Idil Atak, François CrépeauFrom: The Oxford Handbook of International Refugee Law
Edited By: Cathryn Costello, Michelle Foster, Jane McAdam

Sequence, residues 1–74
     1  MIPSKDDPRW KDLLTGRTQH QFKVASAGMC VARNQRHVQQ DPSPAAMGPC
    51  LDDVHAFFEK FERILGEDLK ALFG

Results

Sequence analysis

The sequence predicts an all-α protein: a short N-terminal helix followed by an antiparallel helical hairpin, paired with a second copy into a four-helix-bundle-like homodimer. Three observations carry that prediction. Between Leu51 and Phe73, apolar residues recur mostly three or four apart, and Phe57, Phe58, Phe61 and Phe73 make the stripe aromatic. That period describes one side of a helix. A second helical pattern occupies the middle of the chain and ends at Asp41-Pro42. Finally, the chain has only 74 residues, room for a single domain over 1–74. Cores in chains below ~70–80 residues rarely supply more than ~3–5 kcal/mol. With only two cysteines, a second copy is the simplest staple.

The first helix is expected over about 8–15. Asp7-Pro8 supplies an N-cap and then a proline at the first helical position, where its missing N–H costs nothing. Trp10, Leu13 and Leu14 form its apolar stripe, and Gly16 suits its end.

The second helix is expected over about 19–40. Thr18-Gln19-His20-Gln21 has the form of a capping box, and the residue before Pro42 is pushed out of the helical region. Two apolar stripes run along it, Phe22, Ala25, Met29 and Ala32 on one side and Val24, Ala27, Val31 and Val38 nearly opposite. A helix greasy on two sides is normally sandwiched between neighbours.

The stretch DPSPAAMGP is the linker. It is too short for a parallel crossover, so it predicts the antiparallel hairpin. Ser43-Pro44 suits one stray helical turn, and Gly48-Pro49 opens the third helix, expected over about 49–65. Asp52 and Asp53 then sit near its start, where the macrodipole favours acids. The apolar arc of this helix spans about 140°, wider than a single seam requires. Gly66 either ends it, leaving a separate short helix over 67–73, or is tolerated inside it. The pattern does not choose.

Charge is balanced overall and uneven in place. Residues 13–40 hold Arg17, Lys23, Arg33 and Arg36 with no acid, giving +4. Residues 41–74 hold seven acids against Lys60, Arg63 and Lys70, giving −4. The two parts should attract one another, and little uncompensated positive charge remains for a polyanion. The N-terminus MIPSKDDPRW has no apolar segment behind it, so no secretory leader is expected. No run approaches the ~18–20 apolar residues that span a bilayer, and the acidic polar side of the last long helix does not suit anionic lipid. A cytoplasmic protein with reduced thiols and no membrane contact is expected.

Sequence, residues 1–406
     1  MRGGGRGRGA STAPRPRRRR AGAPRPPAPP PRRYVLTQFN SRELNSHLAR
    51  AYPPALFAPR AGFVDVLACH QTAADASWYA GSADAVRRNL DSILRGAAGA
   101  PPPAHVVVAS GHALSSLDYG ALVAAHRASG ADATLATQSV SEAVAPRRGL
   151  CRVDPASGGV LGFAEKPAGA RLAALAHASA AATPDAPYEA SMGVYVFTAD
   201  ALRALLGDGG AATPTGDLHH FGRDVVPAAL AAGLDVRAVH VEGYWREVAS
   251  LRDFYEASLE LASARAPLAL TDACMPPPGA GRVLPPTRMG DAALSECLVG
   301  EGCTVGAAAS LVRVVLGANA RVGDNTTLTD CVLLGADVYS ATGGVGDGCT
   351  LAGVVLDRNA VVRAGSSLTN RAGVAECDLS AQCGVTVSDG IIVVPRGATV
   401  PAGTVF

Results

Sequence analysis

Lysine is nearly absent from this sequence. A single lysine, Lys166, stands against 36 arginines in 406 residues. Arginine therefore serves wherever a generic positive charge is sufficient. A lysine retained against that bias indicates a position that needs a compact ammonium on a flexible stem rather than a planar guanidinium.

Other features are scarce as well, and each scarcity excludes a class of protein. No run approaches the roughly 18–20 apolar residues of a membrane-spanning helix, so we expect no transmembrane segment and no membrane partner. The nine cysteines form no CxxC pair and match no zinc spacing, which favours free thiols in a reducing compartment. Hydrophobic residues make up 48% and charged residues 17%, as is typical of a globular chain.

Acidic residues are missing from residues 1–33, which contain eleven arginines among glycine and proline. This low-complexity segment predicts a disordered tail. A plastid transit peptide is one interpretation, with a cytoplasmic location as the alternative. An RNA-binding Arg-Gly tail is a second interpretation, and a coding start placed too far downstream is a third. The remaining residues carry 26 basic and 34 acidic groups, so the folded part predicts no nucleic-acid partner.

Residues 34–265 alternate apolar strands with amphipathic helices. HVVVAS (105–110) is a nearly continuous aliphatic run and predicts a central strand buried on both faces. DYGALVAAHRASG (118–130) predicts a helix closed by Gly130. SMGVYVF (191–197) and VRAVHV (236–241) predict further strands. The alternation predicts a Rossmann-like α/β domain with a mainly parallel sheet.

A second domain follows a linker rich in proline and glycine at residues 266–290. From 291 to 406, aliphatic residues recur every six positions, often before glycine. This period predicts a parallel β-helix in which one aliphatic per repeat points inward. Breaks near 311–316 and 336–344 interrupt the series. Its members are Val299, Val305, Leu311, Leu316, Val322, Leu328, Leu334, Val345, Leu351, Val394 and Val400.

This chapter details the long-standing debate on whether refugees should be portrayed as migrants. Several organizations, refugee advocates, and scholars argue for a clear line between ‘migrants’ and ‘refugees’, as a means of protecting the refugee regime. They point to the inherently distinct motivations driving refugee movements compared to other types of migration, as well as to the specific normative and institutional framework for refugee protection. The chapter argues that conceptualizing refugees as migrants does not undermine the specific normative and institutional framework for refugee protection. Rather, it further promotes refugees’ access to asylum and safety. The chapter then examines the literature on the refugee/migrant distinction, highlighting the increasingly overlapping and interconnected motivations and contexts driving forced migration. It looks at the mounting barriers refugees face to reach safety and explores the avenues to safeguarding and promoting access to asylum and refugee rights. The chapter also articulates the role that freedom of movement should play in protecting the rights of all migrants, including refugees.